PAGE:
At the 52nd Paris Air Show, India’s presence was marked with only a chalet of Hindustan Aeronautics Limited where the Indian flag bravely competed for attention with those of 2,300 exhibitors from 47 countries spread over giant exhibition halls….writes Ajali Ojha
Right at the entrance to the Le Bourget airport, where the Air Show was being held, signs of welcome written in many languages include a prominent one in Hindi.
However, inside the venue spread over 324,000 square meters, HAL was the only significant participant from India, even though there were three other registered Indian stalls not directly related to aviation. On the contrary, China had around 15 companies present at the Air Show, and had its latest fighters and drones on display.
HAL, the state-owned aerospace and defence company, in its chalet proudly displayed a model of Light Combat Helicopter, with a poster in the background showcasing its Light Utility Helicopter, Advance Light Helicopter, and other choppers.
Also present in the chalet were posters of Light Combat Aircraft Tejas, the indigenous fighter which has been India’s pride and hogged attention at the Bahrain Air Show, after which HAL said it received several inquiries about the fighter.
However, at Paris, Tejas was represented only through posters, and unlike the LCH, not even a model of the indigenous jet was showcased. HAL also did not have any stalls in the exhibition area, and the posters and models remained largely out of public view.
Ironically, right outside the HAL chalet, on display was a full-scale mock-up of China’s armed drone Wing Loong II, with all its missiles.
Making its first appearance at a Western air show in full-scale mock up form, the 4,200 kg Catic Wing Loong II is a copy of the General Atomics MQ-9 Reaper that can be equipped with a wide range of Chinese-produced sensors and weaponry, with a maximum payload of around 450 kg.
While China also did not have any real fighter aircraft on display at the show, it showcased a model of its FC-31 fighter at a stall of Aviation Industry Corporation of China (AVIC).
China launched the global marketing of its FC-31 stealth fighter jet at Paris that costs around $70 million, about half the price of the Lockheed Martin F-35. A real-life F-35 also made a public debut at the same airshow, displaying its flying prowess.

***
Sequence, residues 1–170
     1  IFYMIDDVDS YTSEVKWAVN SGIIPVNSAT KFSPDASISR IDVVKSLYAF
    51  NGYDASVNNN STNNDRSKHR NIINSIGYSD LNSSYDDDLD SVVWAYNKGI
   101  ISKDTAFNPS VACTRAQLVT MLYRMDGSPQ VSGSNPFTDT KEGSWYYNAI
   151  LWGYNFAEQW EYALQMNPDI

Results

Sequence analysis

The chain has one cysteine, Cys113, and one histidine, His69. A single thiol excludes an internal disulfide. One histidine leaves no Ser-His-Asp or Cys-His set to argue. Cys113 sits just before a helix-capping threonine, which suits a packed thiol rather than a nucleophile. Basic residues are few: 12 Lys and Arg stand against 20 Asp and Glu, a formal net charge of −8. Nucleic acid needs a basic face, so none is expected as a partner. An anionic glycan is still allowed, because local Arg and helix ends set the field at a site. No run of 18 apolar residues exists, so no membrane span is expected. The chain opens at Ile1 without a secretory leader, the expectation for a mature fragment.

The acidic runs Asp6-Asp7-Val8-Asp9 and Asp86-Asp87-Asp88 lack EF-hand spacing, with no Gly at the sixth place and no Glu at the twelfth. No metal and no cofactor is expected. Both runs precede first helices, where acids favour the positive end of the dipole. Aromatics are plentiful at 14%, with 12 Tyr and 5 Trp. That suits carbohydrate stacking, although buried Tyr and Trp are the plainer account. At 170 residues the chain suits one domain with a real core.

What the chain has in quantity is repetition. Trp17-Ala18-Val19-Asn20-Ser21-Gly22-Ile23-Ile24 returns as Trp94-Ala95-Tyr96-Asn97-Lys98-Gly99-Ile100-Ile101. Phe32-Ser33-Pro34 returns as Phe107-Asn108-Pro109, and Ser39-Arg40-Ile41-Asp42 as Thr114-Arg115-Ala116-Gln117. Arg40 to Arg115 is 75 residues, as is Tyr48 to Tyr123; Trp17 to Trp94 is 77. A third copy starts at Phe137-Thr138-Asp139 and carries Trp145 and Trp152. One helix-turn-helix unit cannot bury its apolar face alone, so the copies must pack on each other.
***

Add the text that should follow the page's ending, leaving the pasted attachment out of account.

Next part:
Officials from AVIC said at the Air Show that the jet had received a “lot of attention from potential foreign buyers.” A model of this jet was earlier displayed at the 14th Dubai Air Show in November 2015.
Also at show at the AVIC stall were models of JF-17, lightweight, single-engine, multi-role combat aircraft developed jointly by the Pakistan Aeronautical Complex (PAC) and the Chengdu Aircraft Corporation (CAC) of China.
The JF-17 is said to become the backbone of the Pakistan Air Force (PAF), complementing the General Dynamics F-16 Fighting Falcon whose performance it roughly matches, at half the cost.
The other models at display included Chinese supersonic training and light attack aircraft L-15 Falcon, Z-19 E chopper, Shaanxi Y-9 medium transport aircraft, and other aircraft.
Back at the HAL chalet officials held back-to-back meetings with different corporations and officials from foreign countries. Not much details about the meetings were shared, but an official indicated there was no major outcome.
“Largely contracts for buying or selling are finalised by government to government negotiations, so we don’t expect to walk out of an exhibition with orders,” an official who did not want to be named said.
India has been looking for prospective buyers for the indigenous Light Combat Helicopter.
As for the indigenous fighter Tejas, $203 million has been approved for establishing a second production line for the Tejas. Together, the two Tejas production lines will annually roll out 16 aircraft in a year, while at present only eight are being made in a year.
The Indian government has ordered 83 HAL Tejas in November 2016. From the lacklusture participation at an international show, HAL may appear to be satisfied with such patronage.